Up next, GIGABYTE is releasing two dual fan models. Both cards possess back plates and RGB lighting. In fact, over on GIGABYTE’s site is a working utility allowing one to play around with the cards RGB lighting from within the browser. Kind of a neat diversion while writing out a news report. Moving on these cards both have a single eight pin for power. With three DP 1.4, one HDMI 2.0b, and one Dual-Link DVI-D. They also both have backplates on their backsides.
|GTX 1060 Specification Comparison|
|GIGABYTE GeForce GTX 1060 G1 Gaming||GIGABYTE GeForce GTX 1060 D5|
|Memory Clock||8Gbps GDDR5|
GIGABYTES GTX 1060 D5 is running at stock speeds out of the box but has an OC mode that can be enabled through their “XTREME engine utility” which bumps the clock speeds up slightly. The GTX 1060 G1 Gaming card has a healthier boost in both gaming mode and OC mode, giving up to an 8% clock speed boost over the stock speeds. The GIGABYTE GeForce GTX 1060 G1 Gaming will be priced at $289, and it is currently $249.99 for the GIGABYTE GTX 1060 D5.
Last but certainly not least, ZOTAC is releasing both a single fan GTX 1060 Mini and a dual fan GTX 1060 AMP! Edition this time around. Neither card has a back plate and both go the three DisplayPort and one HDMI port route for video output. They also each use a single PCI-e six pin connector for power. While the mini-ITX card is running stock we do see a small increase in clock speeds for the dual fan model. The ZOTAC GTX 1060 Mini will be listed for $249 while the ZOTAC GTX 1060 AMP! Edition will be listed for $279.
|ZOTAC GTX 1060 Specification Comparison|
|ZOTAC GeForce GTX 1060 AMP! Edition||ZOTAC GeForce GTX 1060 Mini|
|Memory Clock||8Gbps GDDR5||8Gbps GDDR5|
Wow, this took a while to write up. While I’m sure it’s obvious at this point, there will be quite a lot of options for those looking in the $249 to $329 range. We can see cards ranging from m-ITX ready to nearly foot-longs which wouldn’t surprise if they were quiet with a hefty overclock. For further information, you can see our sources below for each of these cards. Keep an eye out later this week for our pending review of the NVIDIA GeForce GTX 1060 Founders Edition.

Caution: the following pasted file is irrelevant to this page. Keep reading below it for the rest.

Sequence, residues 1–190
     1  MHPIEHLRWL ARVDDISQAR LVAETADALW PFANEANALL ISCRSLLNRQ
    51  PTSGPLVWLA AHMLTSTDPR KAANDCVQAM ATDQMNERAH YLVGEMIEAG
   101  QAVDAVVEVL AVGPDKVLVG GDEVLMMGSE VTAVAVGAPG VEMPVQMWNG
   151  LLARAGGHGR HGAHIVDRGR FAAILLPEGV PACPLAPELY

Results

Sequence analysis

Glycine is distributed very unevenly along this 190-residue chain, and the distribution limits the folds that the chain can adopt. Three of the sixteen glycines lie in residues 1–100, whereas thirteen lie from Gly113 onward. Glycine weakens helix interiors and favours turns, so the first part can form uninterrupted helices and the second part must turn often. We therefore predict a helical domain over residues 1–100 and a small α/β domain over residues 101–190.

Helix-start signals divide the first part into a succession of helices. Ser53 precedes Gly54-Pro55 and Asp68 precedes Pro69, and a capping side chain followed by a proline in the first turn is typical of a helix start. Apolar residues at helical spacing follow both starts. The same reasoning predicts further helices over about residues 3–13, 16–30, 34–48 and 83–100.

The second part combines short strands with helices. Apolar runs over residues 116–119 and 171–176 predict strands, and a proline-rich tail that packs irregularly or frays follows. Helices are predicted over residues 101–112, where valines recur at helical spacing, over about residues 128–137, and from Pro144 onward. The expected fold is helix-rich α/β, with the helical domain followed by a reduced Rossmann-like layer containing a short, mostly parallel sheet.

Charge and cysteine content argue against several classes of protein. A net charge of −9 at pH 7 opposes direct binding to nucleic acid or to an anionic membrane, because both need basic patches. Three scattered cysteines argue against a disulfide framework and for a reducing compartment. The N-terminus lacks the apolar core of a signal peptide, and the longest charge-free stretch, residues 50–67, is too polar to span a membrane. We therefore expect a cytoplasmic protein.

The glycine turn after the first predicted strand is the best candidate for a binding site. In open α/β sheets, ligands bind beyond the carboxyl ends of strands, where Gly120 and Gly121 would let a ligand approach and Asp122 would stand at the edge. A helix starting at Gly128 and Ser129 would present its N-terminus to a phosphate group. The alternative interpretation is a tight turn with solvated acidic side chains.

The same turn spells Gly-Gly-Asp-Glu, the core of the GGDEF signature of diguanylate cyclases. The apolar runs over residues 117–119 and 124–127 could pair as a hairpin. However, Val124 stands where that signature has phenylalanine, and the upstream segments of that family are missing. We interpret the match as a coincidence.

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redfirebird15 - Thursday, July 21, 2016 - linkwhen will we see a replacement for the 750ti? I'm waiting for a half-height, single slot, PCIe powered sub-75w graphics card. Intel IGPs just arent cost effective yet.
BrokenCrayons - Thursday, July 21, 2016 - linkI'm impatiently waiting for new GPUs that don't need more power than the PCIe slot can provide. The last couple generations didn't really bring anything to the table in that realm, possibly because it simply wasn't going to be cost effective to compete with Intel at the low end. Unfortunately, Intel's higher end IGPs that include a little bit of memory are still limited to higher priced SKUs. It leaves those of us who aren't interested in absurdly high wattage, huge graphics cards like the 1060 stuck waiting for either Intel, AMD, or NV to do _something_ to address our market segment. You'd think with three companies all competing for sales, someone in one of them would have the vision and authority to fill in the gap at some point soon. I'd like a replacement for my half-height GDDR5 GT 730 with more VRAM and somewhere in the vicinity of 50% more GPU power without having to deal with an absurdly dual slot cooler and +50 watts of power demand.